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Integrated Biomedical Systems

(Stanford University - Jaclyn Chen)


  • Biomedical is the application of the natural sciences, especially the biological and physiological sciences, to clinical medicine. It is all that studies the technological and engineering applications of living and biological systems. Right from the lowest unit ‘Cell’ to the most complex nervous system that processes and controls the information, all the organs of living beings function with a perfect coordination so that they could digest, reproduce, grow, respond to various stimuli. Research in the field of medical, biomedical engineering and technology are further enhancing our understanding about this discipline and unfolding variety of opportunities for the experts to design innovative technical intervention that would offer easy and automated solutions to various biomedical problems. 
  • [Stanford Integrated Biomedical Systems]: "Our research focuses on providing theoretical foundations and engineering platforms for realizing electronics that seamlessly integrate with the body. Such systems will allow precise recording or modulation of physiological activity, for advancing basic scientific discovery and for restoring or augmenting biological functions for clinical applications. To build these integrated biomedical systems, our research program emphasizes a vertical integration of diverse fields ranging from physics, wireless technologies, low-power integrated circuits, and biological interfaces."
  • [Biomedical Systems - UC-Berkeley Wireless Research Center]: "Advancements in systems and circuits miniaturization and energy reduction allow for an ever-tighter interfacing between the biological and the cyber world. It is not too far-fetched to imagine integrated sensor (actuator) nodes, including data acquisition and processing circuitry as well as data transmission, that approach the size of a biological cell. This opens the door for a broad range of exciting new applications in the biomedical space. Examples include advanced in-situ and in-vivo monitoring and diagnostics, as well as stimulation or actuation. Mobility, longevity and reliability concerns demand that these nodes communicate wirelessly and operate in energy self-contained mode for a long period of time (> 10 years in some cases). The Berkeley Wireless Research Center (BWRC), with its long-established expertise in energy-efficient circuit design for processing and communication, as well as in energy-harvesting technologies, is therefore at the forefront of the development of the most advanced miniature biomedical systems. An example is its work in brain-machine interfaces (the ultimate unPad technology), in collaboration with the UCB-UCSF Center for Neural Engineering and Prosthetics (CNEP).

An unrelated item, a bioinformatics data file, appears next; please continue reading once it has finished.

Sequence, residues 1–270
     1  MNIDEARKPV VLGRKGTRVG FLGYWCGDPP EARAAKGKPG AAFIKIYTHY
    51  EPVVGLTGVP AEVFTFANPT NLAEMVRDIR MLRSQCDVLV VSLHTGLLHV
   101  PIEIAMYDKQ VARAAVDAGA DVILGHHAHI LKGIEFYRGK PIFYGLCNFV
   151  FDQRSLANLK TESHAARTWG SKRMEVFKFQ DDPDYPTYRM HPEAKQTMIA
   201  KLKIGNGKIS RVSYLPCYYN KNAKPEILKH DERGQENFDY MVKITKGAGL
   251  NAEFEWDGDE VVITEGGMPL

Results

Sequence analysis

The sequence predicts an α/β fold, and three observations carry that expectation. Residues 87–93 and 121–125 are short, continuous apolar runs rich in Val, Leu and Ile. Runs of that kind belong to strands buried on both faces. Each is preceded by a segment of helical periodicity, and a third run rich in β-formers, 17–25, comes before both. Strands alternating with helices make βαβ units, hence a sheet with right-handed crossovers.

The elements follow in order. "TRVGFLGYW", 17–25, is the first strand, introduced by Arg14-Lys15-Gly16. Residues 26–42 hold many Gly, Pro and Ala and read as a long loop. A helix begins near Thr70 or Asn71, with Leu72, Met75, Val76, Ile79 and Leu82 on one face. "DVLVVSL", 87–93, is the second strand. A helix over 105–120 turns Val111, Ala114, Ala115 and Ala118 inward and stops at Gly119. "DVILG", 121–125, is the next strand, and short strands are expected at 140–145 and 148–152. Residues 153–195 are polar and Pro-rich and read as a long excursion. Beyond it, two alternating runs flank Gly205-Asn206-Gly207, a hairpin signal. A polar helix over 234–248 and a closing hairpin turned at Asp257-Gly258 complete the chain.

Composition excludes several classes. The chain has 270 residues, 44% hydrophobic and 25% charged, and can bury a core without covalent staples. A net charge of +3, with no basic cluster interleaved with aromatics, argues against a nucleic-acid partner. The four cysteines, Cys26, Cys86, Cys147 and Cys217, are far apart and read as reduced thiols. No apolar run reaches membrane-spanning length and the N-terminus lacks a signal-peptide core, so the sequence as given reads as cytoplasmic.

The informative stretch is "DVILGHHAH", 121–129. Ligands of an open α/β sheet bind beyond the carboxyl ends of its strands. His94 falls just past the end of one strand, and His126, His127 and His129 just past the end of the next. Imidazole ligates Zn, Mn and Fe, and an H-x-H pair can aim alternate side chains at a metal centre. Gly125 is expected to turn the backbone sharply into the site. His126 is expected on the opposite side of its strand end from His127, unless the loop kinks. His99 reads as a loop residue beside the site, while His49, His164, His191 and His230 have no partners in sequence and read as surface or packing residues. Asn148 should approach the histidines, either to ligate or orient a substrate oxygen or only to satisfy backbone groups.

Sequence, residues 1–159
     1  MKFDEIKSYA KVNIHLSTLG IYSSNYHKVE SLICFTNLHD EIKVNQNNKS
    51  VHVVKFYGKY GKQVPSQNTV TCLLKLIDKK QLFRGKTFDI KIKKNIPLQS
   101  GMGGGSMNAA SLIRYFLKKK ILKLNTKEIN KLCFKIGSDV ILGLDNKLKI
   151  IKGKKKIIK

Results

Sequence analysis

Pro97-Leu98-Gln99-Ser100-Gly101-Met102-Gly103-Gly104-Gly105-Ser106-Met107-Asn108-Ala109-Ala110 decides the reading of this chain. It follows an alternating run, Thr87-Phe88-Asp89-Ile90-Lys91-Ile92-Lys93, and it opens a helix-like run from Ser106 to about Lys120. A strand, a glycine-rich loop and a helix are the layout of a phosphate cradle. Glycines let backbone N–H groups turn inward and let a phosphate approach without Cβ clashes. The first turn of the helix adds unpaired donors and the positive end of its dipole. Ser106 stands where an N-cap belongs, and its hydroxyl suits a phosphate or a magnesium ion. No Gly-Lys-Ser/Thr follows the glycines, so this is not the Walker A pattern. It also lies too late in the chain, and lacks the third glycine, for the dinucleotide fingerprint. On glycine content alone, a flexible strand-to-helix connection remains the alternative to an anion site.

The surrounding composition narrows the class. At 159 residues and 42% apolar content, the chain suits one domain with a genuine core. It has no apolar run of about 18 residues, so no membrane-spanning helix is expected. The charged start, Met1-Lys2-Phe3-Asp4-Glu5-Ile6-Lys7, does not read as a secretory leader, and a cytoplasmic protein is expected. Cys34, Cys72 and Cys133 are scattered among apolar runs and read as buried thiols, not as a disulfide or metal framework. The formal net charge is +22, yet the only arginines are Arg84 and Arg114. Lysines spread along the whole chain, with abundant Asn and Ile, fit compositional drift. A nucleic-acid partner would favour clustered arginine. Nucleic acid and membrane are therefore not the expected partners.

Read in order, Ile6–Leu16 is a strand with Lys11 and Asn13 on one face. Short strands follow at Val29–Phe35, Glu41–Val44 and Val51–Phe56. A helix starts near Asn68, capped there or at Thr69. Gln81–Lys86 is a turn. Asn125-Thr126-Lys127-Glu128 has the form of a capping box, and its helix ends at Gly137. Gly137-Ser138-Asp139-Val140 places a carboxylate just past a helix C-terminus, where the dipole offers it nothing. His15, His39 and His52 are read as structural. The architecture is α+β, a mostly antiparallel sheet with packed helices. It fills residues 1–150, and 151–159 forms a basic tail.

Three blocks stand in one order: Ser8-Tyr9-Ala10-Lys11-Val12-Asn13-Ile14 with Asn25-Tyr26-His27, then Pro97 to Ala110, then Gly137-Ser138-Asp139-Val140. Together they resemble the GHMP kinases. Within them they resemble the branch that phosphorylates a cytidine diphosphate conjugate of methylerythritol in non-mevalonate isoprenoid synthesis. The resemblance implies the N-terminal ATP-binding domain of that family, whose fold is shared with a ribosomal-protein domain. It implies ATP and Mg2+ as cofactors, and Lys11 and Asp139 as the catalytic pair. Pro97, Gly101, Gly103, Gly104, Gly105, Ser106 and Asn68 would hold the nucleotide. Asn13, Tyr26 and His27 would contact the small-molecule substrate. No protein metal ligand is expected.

Wireless technologies, besides offering the capability of data communication and power delivery, also play an increasing role in medical imaging applications using the penetrating capabilities of high-frequency electromagnetic waveforms. BWRC has been a pioneer in the domain of millimeter-wave and TeraHertz transceivers, implemented in standard CMOS technologies. Advancing the state-of-the-art in CMOS electromagnetic imaging is the target of a range of projects at the Center, essential to the success of the tight integration of antennas, passives and active circuitry into single CMOS devices."


[More to come ...]




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